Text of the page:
Secret gnomes, mysterious doors… and overly curious seagulls
Guest post by John Agar, Managing Director at Marshall Survey Associates Ltd
A bridge is defined as an engineering structure that is built over an obstacle to allow people and vehicles to cross from one side to another by providing a physical link. But the Thames bridges are far more than just useful structures; they form a key integral part of the sophisticated transport infrastructure that powers the heart of London. They bring life to the city and have allowed it to grow, spilling out into the surrounding Boroughs. Not to mention their iconic appearance and historic significance which is so deeply interwoven into the DNA of the Capital and those that live in it.
The ambitious Illuminated River Project aims to bring improved light to 15 of central London’s bridges and transform them into works of art, whilst also bringing a revived sense of energy to the Thames at night. It was therefore a great privilege for Marshall Survey Associates Ltd (MSA) to be tasked with the capture and documentation of the Bridges and become a part of the multi-disciplinary team assembled to deliver the project.
The process of measuring the bridges was extremely challenging and a great adventure for our teams. Most of all, it was a massive learning experience about the uniquely different structures and fascinating history surrounding them.
Measurements were made using the very latest 3D laser scanners from locations on top of the bridges, the adjacent embankments and on the river banks during very low tides. The tidal variation of the Thames can be as much as seven metres and our team leader Anna had to become proficient in reading tidal charts and anticipating the ebbs and flows of the Thames.
Passing boats sometimes caused waves that would require us to quickly evacuate the equipment to avoid it being washed away in the surge. Working on the river banks our teams had to constantly watch the river to make sure that they were not cut-off by incoming water, not to mention slippery rocks, soft mud and overly curious seagulls that were fascinated by our equipment. One particular seagull became infatuated with the white and green colours of the scanner and had to be constantly chased away by frustrated surveyors.
Working on top of the bridges was no easier task with the constant pedestrian and vehicular traffic. Here the team swapped curious seagulls for enthusiastic tourists armed with cameras. Following the tragic terrorist attacks in London we also came under the watchful eye of the police and security services who were on high alert, making access to certain areas quite tricky. Despite all these challenges the team had a remarkable time. We have found secret gnomes, mysterious doors, and the dead man hole at Tower Bridge.
A highlight for the team was interacting with the public and cooperating with the many kind and fascinating people who work on the bridges. Scanning Tower Bridge was particularly interesting as we were able to gain access to the upper platforms of the buttress which offered the most spectacular views of London.
The extremely comprehensive data we collected was processed to provide a unified “point cloud” for each bridge that could be manipulated in state of the art software to produce accurate 3D models of all the bridges’ composite elements. The key focus for our team was to deliver cross platform 2D and 3D information to ensure the widest usage of the data by a varied team across numerous disciplines. The models also needed to be available to all stakeholders in an interactive and intuitive format for easy access. This was achieved using 3DHTML, viewer apps and rendered images.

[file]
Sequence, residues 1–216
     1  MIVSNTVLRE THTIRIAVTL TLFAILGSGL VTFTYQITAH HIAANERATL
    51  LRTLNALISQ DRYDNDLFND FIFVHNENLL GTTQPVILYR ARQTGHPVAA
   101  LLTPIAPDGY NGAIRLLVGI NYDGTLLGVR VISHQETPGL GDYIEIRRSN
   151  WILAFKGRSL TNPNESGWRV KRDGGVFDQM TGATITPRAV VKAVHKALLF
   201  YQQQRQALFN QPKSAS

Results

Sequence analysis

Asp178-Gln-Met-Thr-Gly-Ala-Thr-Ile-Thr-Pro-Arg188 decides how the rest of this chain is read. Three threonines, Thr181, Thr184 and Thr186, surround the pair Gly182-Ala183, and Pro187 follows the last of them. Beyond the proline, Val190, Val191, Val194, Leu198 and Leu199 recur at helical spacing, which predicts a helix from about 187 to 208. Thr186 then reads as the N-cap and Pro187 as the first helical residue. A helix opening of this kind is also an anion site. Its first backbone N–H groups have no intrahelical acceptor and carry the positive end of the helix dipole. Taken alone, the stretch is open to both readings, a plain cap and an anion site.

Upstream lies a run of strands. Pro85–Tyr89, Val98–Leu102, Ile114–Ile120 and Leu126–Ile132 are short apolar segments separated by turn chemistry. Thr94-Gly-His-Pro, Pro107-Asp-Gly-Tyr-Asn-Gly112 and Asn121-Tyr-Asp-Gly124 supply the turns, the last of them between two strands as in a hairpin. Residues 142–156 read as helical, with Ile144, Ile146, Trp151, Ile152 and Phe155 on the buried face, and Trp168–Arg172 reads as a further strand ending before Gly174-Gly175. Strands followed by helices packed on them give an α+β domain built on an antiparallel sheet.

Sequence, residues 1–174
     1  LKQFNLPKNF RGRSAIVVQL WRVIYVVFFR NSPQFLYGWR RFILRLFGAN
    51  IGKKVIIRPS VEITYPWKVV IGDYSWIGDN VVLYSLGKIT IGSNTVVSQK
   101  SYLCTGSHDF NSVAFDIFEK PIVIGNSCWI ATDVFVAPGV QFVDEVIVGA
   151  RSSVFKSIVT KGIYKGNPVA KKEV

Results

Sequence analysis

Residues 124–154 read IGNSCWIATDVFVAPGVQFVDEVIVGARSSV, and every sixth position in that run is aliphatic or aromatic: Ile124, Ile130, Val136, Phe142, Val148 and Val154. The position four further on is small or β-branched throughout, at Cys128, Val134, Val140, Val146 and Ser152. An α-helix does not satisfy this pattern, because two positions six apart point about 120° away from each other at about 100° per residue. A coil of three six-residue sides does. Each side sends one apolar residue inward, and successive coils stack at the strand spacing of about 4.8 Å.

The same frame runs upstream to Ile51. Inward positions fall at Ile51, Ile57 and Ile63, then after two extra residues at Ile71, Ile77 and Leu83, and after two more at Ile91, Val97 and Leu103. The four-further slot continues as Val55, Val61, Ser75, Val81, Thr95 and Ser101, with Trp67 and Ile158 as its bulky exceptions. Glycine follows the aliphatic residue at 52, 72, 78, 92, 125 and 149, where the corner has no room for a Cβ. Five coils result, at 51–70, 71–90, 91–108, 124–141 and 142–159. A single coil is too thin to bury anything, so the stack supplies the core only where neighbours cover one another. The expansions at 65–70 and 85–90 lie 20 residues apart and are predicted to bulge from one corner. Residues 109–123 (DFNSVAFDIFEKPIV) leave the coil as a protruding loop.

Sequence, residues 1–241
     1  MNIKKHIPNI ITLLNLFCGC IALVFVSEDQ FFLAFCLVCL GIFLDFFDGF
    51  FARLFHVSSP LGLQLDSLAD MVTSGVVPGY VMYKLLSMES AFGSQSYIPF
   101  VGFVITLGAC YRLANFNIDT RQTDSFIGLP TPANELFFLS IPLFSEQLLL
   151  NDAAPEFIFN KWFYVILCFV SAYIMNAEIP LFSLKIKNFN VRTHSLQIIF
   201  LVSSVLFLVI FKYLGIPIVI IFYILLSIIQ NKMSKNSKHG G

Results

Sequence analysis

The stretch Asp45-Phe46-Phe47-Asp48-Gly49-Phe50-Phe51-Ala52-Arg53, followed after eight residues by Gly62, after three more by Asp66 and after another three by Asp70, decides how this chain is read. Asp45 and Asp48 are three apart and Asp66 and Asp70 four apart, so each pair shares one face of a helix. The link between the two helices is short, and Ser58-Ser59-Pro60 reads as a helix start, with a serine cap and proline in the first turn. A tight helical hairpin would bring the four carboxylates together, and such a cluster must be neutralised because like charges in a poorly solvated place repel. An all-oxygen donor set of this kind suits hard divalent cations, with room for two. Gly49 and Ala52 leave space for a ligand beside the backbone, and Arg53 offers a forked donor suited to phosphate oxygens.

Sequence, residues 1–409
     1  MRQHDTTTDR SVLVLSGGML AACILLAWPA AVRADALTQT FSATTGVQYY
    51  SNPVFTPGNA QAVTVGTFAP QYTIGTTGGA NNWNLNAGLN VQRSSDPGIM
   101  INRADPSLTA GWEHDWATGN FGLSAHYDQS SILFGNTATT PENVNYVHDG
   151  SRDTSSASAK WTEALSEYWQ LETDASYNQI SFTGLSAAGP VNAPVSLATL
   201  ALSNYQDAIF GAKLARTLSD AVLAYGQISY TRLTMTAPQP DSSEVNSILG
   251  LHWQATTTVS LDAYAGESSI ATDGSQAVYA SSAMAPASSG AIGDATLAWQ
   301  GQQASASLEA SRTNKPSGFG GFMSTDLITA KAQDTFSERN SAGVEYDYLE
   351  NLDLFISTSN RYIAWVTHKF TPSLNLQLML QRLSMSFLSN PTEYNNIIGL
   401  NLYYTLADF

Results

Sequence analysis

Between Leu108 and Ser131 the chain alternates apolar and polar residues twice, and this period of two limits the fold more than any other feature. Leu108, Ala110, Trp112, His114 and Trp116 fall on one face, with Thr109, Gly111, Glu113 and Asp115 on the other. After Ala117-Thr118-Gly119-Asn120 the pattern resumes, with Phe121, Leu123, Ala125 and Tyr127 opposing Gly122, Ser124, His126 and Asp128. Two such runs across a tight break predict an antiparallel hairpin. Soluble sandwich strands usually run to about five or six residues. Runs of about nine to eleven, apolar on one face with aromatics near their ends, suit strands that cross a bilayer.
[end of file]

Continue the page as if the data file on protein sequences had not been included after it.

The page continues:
Producing the 3D models from the point cloud data and seeing the structure reconstructed in a virtual digital environment was truly an amazing task. Piecing together all the different structural elements in carefully constructed patterns to replicate the bridges became the task for a talented and dedicated team of CAD technicians under the guidance and watchful eye of Daniel, our 3D specialist visualizer.
As we worked on each bridge we unravelled the secrets of the engineers’ designs and accurately reassembled them again to produce a precise virtual replica. Our team became totally absorbed in the work and it dominated discussion in the office for many months. Weekly bridge quiz trivia questions became common place and increasingly more competitive so that we all became experts on the topic whether we wanted to or not.
Such was the team’s intimate knowledge of the bridges that Daniel’s partner would send obscure photographs of portions of the structures and challenge them to “guess the bridge!” However, it was the optimisation and texturing of the bridges that really brought them to life and sharing these with the Foundation and other consultants on the project created an incredible energy and enthusiasm.
The survey will inform the lighting design placement of fittings and assist in planning and support execution of the project. Even more so, the sophistication of the deliverables will allow the team to go further and to fully test the concepts within a virtual environment prior to committing to costly implementation.
Tests can be assessed for each bridge individually or on a macro level by interrogating all bridges together within VuCity, which is the highly accurate and fully interactive 3D digital model of London. It is the ultimate aim of the Illuminated River Foundation to continue to share this virtual data so that others can interact with the information, ensuring a lasting legacy and maintaining a historic record of these magnificent structures for posterity.
Photos: Marshall Survey Associates Ltd